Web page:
The Bevill opinion reviews the various proceedings and the time intervals that may elapse between the statutorily prescribed steps that may be taken in the course of MDSO proceedings. It is obvious that the purposes of the statutory plan would be defeated if appellant's contentions were sustained. The salutory purposes of probation would likewise be frustrated.

Appellant's 1969 Commitment Was Not Barred By The Prior 1965 Commitment And Discharge.

Appellant has argued that his 1965 commitment and his subsequent discharge amounted to a binding adjudication that he was not a mentally disordered sex offender and therefore constituted a bar to the subsequent institution of MDSO proceedings. He has offered neither authority nor logical argument for this contention. Neither res judicata nor the related doctrine of collateral estoppel is applicable. It is implicit in the statutory provisions for MDSO proceedings that the existence of the mental disease against which society is to be given protection and the cure of the patient suffering from the disease are determined by orders that are necessarily tentative in nature.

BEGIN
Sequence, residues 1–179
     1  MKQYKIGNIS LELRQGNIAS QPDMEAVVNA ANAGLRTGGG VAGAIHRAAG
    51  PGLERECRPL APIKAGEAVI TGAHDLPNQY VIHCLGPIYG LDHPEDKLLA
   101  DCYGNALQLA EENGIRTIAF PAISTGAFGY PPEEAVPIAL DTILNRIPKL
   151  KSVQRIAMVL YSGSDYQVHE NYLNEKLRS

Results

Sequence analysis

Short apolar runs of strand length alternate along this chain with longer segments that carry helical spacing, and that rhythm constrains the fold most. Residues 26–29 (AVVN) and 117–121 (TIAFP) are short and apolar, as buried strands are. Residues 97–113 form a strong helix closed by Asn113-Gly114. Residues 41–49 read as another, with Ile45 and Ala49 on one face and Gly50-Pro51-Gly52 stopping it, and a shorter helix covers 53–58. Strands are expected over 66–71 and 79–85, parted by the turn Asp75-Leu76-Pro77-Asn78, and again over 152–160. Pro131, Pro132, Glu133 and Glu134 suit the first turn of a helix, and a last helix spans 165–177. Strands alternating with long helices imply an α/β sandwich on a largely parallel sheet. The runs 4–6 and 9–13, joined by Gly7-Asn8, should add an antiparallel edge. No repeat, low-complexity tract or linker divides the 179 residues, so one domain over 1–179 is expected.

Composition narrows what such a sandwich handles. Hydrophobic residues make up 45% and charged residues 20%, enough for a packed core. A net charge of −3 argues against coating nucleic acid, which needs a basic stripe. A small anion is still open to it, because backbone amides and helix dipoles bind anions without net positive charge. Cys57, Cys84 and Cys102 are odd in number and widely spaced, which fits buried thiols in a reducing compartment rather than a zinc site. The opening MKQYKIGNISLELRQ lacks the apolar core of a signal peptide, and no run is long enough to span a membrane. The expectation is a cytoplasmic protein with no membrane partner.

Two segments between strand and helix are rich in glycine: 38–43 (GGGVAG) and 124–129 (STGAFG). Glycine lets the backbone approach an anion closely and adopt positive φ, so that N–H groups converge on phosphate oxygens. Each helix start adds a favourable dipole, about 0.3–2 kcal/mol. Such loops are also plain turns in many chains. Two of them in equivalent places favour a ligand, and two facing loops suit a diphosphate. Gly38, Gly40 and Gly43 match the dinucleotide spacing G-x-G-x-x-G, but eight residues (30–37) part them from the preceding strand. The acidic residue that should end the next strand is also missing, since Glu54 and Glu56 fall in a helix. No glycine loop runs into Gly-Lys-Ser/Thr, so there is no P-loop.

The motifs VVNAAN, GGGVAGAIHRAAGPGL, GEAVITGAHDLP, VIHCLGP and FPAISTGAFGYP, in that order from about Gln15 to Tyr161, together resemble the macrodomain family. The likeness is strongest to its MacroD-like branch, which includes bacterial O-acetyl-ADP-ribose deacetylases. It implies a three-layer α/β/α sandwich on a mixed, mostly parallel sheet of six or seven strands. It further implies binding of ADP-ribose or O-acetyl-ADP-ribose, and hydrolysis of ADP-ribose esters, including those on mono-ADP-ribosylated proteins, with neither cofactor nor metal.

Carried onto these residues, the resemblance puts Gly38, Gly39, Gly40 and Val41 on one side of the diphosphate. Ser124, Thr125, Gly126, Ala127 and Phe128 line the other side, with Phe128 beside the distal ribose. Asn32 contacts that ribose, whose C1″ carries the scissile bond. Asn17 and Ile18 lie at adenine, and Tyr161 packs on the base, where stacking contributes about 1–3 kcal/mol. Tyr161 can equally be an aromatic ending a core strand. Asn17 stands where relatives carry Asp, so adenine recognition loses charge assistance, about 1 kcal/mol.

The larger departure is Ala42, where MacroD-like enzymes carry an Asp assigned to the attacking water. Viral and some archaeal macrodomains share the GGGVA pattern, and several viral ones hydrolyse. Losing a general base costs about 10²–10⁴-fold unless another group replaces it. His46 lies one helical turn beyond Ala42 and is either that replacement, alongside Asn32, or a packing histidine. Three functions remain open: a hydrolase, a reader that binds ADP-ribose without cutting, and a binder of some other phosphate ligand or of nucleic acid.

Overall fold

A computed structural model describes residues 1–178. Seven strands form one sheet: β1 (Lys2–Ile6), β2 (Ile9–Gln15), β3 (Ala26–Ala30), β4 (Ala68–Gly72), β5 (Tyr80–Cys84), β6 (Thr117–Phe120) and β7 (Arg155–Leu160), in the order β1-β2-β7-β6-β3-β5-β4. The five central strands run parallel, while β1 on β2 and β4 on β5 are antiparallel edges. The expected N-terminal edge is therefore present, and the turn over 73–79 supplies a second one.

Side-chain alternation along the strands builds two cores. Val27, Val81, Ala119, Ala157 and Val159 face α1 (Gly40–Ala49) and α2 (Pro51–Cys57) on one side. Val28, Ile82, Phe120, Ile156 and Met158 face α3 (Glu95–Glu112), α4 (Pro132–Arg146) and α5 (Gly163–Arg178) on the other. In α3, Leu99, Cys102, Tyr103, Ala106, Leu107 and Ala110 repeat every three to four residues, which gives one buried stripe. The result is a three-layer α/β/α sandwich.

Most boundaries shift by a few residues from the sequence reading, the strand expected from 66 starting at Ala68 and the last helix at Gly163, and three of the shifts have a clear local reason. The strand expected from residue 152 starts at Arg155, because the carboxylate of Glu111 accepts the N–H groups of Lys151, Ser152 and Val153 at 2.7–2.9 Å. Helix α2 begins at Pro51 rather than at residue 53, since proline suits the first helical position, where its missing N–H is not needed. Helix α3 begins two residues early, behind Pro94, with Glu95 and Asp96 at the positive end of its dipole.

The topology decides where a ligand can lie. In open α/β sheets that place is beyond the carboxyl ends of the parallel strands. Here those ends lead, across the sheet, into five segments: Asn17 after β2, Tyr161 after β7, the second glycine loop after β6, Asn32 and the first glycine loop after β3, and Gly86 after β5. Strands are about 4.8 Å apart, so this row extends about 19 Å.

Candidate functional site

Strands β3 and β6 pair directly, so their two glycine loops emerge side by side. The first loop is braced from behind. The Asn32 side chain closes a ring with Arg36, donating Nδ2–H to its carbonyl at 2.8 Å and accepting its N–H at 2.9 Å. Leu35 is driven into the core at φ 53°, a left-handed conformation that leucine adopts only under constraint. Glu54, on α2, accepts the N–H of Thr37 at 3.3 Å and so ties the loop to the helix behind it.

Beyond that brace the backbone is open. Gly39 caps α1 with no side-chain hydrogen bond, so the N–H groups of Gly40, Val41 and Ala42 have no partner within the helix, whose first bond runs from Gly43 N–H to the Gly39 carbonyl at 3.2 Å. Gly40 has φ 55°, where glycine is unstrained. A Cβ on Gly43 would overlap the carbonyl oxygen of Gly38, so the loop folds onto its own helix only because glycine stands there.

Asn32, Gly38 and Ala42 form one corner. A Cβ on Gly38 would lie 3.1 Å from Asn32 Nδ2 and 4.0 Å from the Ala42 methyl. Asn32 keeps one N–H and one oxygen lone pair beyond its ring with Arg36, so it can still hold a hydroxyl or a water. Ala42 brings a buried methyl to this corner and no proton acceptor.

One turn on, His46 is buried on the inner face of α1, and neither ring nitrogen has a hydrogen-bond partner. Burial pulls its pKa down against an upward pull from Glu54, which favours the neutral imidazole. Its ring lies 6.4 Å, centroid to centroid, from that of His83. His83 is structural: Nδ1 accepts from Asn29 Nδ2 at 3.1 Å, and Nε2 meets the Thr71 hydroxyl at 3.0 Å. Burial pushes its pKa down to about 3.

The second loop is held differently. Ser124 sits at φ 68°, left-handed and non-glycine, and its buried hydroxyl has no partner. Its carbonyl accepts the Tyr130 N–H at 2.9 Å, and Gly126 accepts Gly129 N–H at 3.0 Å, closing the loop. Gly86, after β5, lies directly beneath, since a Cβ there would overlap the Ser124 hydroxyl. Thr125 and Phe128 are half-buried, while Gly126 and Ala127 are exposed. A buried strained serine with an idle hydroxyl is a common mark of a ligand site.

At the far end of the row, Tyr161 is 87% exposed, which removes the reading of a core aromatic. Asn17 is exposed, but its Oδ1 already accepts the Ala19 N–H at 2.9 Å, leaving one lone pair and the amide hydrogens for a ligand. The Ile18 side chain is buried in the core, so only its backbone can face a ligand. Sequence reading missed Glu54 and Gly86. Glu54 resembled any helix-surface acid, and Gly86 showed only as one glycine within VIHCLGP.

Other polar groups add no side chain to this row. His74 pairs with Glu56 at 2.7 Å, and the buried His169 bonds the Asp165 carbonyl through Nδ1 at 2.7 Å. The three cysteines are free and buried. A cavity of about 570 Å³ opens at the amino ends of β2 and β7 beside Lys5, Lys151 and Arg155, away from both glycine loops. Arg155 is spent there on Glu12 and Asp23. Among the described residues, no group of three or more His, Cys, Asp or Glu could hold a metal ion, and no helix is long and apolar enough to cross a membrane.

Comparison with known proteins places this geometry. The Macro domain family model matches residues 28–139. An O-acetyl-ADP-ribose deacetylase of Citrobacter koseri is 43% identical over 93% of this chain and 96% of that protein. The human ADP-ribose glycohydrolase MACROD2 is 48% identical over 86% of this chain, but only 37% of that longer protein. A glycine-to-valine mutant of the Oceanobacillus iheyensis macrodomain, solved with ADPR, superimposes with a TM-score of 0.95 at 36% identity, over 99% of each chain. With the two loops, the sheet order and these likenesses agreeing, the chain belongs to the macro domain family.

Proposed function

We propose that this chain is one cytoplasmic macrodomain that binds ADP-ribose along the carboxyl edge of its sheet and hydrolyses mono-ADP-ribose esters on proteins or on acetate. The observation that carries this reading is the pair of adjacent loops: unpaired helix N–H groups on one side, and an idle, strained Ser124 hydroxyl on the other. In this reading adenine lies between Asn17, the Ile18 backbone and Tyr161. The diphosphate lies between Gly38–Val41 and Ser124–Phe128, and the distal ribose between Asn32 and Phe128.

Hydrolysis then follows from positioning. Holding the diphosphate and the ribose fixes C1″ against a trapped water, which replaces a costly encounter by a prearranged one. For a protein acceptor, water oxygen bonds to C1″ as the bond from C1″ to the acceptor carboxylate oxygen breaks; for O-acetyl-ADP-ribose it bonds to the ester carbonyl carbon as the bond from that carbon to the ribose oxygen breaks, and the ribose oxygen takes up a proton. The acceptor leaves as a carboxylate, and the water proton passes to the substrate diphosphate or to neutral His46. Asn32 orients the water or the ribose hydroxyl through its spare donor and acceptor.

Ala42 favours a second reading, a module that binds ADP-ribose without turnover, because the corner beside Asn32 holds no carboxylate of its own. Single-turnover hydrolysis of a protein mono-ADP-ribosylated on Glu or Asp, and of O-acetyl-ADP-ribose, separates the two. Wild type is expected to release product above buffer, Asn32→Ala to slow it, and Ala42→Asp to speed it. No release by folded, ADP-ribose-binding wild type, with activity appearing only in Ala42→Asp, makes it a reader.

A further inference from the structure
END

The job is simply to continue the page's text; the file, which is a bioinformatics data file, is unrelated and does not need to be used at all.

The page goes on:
The factual issues determined in 1965 were different from those determined in the proceedings which led to the 1969 commitment. The issue in the 1965 proceedings was whether or not appellant should Then be committed on the basis of the evidence of his mental condition As it then existed. The issue in the 1969 proceedings was whether At the time of the hearings held therein he was suffering from a mental disorder of such a nature that his confinement was necessary to the protection of society. The revocation of appellant's probation in 1969 and the institution of the new proceedings leading to his latest commitment resulted from his most recent criminal conduct and not from his prior convictions. The evidence upon which his latest commitment was predicated was new and different evidence relating, not to his mental health as it existed in 1965, but rather as it existed in 1969.

Other arguments advanced by appellant are deemed not sufficiently substantial to require discussion.

The order under review is affirmed.

HERNDON, Associate Justice.

ROTH, P.J., and FLEMING, J., concur.

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PEOPLE v. LEA (1971)

Docket No: Cr. 17772.

Decided: May 25, 1971

Court: Court of Appeal, Second District, Division 2, California.